University admissions and “social engineering”
FT education correspondent and part-time data nerd Chris Cook published a fascinating analysis of the Oxford admission process here. The point was to explain why pupils in state schools - especially, of course, those in poor areas - are far less likely than independent school pupils to gain admission to Oxford. It did this by breaking down the disparity in actual admission probabilities into three stages of the process:
FT education correspondent and part-time data nerd Chris Cook published a fascinating analysis of the Oxford admission process here. The point was to explain why pupils in state schools – especially, of course, those in poor areas – are far less likely than independent school pupils to gain admission to Oxford. It did this by breaking down the disparity in actual admission probabilities into three stages of the process:
- first, the relative probabilities that students from different types of school got “very strong GCSEs”; ranging from 3.4% for a student from the poorest tenth of schools, to 23.4% for those from independent schools;
- second, the probability that a student from each type of school who got “very strong GCSEs” did in fact apply to Oxford at all, ranging from 14.1% to 24.6% (even higher for pupils from the richest tenth of state schools;
- third, the probability that such a student who did apply got admitted – over half for pupils from independent schools, but only about 15% for students from the poorest schools.
So there were disparities at each stage of the process. Students from state schools in poor areas were less likely to get very good GCSEs, less likely to apply, and less likely to be accepted. Not surprising; but what surprised me was the interpretation of the results. Chris concluded
“The FT’s analysis supports the view held by elite universities that the problem lies largely not with universities but in the school system.”
This is undoubtedly correct, so far as it goes. But Wendy Piatt, Director General of the Russell Group, seems to think that Oxford is entirely off the hook:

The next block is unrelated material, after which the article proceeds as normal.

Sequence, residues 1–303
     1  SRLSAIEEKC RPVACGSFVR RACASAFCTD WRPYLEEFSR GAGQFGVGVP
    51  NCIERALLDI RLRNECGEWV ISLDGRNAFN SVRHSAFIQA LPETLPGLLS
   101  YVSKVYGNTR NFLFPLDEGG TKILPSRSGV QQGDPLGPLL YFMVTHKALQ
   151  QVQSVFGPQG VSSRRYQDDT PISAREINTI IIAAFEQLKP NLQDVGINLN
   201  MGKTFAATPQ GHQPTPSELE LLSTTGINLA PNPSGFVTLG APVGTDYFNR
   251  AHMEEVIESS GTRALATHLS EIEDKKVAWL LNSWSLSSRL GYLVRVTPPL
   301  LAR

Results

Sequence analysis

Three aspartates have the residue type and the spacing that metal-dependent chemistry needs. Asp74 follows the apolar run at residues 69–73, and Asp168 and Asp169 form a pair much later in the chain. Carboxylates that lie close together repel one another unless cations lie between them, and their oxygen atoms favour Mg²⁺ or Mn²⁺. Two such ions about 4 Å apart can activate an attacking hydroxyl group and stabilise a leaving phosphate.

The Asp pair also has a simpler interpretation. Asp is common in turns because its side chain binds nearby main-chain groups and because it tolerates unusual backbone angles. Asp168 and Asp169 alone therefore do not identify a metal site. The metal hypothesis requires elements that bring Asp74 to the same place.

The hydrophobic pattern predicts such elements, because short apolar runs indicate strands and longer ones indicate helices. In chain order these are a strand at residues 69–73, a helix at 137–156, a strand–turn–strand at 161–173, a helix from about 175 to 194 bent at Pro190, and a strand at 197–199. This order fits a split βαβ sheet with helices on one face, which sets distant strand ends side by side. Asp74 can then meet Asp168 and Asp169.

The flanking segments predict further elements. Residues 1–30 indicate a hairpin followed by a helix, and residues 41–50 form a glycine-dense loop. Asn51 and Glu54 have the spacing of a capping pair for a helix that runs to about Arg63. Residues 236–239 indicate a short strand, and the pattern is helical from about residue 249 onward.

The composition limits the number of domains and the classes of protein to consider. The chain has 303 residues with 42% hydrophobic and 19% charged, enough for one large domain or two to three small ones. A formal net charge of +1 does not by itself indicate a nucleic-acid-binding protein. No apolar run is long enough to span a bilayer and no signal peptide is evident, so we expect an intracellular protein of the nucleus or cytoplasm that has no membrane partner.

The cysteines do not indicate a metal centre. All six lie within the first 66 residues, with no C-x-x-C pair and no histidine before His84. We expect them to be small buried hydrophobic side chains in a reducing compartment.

“Even when poorer students get the right grades they are much less likely than their wealthier peers to apply to top universities. We cannot offer places to those who do not apply.”
But that’s just not what the data show. What it shows is that a student from one of the poorest schools who gets the right grades is a little more than half as likely as an independent school student to apply to Oxford. That’s bad. But a student from one of those who does actually apply is less than a third as likely to be accepted. That is worse. And what is even worse is that Ms. Piatt and the Russell Group don’t seem to accept that there is a problem. Eliminating the disparity in acceptance rates would more than triple the number of well-qualified applicants from the poorest tenth of schools attending Oxford.
The Russell Group’s refusal to engage with the issue isn’t just a matter of an off-the-cuff quote to a newspaper either; their submission to the Commons Select Committee takes the same line, arguing – accurately enough – that
The most important reason why too few poorer students even apply to leading universities is that they are not achieving the required grades at school